I recently applied to an English teaching agency that doesn't require any teaching certifications -- only advanced English skills. The English part of teaching I have no problems with. But the only teaching I've done in the past has been computer skills with adults.

I'm at a loss as for where to start with English teaching. I thoroughly understand the different components of the language but...I just don't know how to begin planning lessons for both beginner and intermediate Japanese students. I've checked out quite a few teaching resource sites and have some
materials to work with but actually presenting material/information is beyond me, at the moment.

To those currently teaching: what recommendations do you have? I understand that going through certification courses would present me with the knowledge I need but that will be difficult for me to do. I would like to learn on my own if at all possible.
I think that the agency will provide you with sufficient training to get you started, Harry. They do not throw untrained teachers into the fray. You will find, however, that commercial language teaching in Japan (which I surmise that you are speaking of), especially at the entry level, does not require you to do more than follow the lessons in the textbook being used. New Interchange, by Jack C. Richards, is one of the most popular and a typical example of the genre.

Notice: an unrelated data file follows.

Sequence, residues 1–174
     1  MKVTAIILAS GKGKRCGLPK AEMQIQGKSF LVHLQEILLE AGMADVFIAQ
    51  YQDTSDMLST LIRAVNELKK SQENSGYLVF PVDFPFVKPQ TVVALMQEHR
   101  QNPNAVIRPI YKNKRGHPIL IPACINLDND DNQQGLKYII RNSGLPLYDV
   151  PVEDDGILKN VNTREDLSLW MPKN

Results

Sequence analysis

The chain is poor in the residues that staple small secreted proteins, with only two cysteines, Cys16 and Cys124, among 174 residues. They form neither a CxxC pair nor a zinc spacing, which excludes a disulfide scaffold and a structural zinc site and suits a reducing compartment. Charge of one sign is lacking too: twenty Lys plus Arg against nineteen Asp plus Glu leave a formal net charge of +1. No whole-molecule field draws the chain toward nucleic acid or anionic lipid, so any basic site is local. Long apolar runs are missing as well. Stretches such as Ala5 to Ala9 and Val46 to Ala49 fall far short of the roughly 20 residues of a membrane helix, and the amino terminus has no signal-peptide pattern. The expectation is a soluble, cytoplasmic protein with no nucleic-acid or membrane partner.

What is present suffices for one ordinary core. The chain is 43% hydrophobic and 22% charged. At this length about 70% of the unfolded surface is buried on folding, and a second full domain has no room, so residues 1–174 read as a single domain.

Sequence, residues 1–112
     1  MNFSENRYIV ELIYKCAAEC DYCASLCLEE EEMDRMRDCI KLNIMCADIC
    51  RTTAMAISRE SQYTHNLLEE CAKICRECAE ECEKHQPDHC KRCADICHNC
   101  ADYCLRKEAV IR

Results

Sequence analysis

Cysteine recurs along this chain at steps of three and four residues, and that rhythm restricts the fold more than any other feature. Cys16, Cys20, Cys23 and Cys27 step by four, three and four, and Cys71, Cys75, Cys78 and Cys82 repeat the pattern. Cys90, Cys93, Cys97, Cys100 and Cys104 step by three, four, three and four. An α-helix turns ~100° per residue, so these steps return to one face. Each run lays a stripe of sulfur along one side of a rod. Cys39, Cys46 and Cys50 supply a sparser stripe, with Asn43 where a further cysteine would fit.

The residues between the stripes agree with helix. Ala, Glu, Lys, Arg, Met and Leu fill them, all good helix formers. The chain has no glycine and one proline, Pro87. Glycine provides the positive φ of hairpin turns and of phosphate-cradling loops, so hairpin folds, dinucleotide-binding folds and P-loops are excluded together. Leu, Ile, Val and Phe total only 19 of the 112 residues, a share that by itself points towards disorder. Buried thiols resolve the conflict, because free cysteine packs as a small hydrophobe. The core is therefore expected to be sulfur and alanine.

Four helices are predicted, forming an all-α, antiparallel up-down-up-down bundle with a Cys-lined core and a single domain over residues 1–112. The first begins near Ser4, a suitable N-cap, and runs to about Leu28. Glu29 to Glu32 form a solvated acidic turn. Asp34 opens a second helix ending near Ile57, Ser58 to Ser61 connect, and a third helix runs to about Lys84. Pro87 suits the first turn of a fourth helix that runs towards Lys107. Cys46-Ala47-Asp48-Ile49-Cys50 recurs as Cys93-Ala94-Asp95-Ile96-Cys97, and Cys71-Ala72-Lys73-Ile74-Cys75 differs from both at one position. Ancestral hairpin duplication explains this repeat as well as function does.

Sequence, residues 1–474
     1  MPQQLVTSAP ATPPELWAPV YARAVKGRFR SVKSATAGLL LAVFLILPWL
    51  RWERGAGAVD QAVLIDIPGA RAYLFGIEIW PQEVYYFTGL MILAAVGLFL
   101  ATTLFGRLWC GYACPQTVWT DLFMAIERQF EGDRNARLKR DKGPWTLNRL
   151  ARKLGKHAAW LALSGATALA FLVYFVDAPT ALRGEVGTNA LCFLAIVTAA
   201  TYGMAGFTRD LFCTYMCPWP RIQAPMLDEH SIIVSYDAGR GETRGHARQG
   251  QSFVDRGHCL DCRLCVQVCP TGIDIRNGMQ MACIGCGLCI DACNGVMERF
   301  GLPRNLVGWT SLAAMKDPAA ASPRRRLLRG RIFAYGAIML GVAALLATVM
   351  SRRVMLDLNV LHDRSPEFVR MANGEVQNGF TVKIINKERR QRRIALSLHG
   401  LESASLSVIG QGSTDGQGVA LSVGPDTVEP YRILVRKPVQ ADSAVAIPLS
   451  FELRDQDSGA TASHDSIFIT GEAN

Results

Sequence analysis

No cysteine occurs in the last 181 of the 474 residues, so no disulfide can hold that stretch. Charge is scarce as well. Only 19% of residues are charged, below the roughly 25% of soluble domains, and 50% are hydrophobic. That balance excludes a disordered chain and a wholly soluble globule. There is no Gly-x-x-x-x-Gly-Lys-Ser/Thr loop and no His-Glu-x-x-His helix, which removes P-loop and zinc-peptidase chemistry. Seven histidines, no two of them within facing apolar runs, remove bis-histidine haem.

That's true -- I entirely overlooked a part of the website that mentioned employers providing training programs.

But on that note, just so I can be a bit more prepared, is there any particular resource that anyone can recommend that would allow me to gain at least a bit of general teaching knowledge? A lot of what I've found on the internet are things like handouts that have material; nothing that can give some ideas about how to present it.
Site Hint: Check out our list of pronunciation videos.
Jeremy Harmer's 'The Practice of English Language Teaching' is a reliable introduction.
Hi Harry
I strongly suggest that you do at least a 40 hr on line TEFL course.
At the very least, it will give you the practical knowledge of Lesson Planning etc.It will aslo give you some credibility in terms of qualifications for the job.
I have just completed the 40 hr course from i-toi in the UK. I have also done the weekend course (20 hrs) and the Grammar Specialist (40 hrs) and will be completig a further 8 Specialist Certificates in the next 2 weeks.
Don't be put off by the hrs - it is totally dependant on how quickly you work through it.

The problem is finding decent employers!

Good luck
Online courses can be good (and probaly quite helpful in your situation) but be careful of buying lots of 'add ons' and extras as Bill is trying to suggest/ is doing. Shop around before buying up with a company such as i to i.
Teachers: We supply a list of EFL job vacancies
Sound advice from Gina. A solid online course should be all inclusive, and provide you with not only the theory behind teaching English a Second or Foreign language but also with practical ideas and techniques that can help language learning in any situation: in a private lesson; school setting; business classes; missionary work; community project; etc.